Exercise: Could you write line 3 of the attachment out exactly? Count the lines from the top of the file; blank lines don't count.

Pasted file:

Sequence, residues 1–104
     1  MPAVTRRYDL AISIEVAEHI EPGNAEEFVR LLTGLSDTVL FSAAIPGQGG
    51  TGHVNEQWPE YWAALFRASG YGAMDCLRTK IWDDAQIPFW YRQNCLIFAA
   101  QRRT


    51  TGHVNEQWPE YWAALFRASG YGAMDCLRTK IWDDAQIPFW YRQNCLIFAA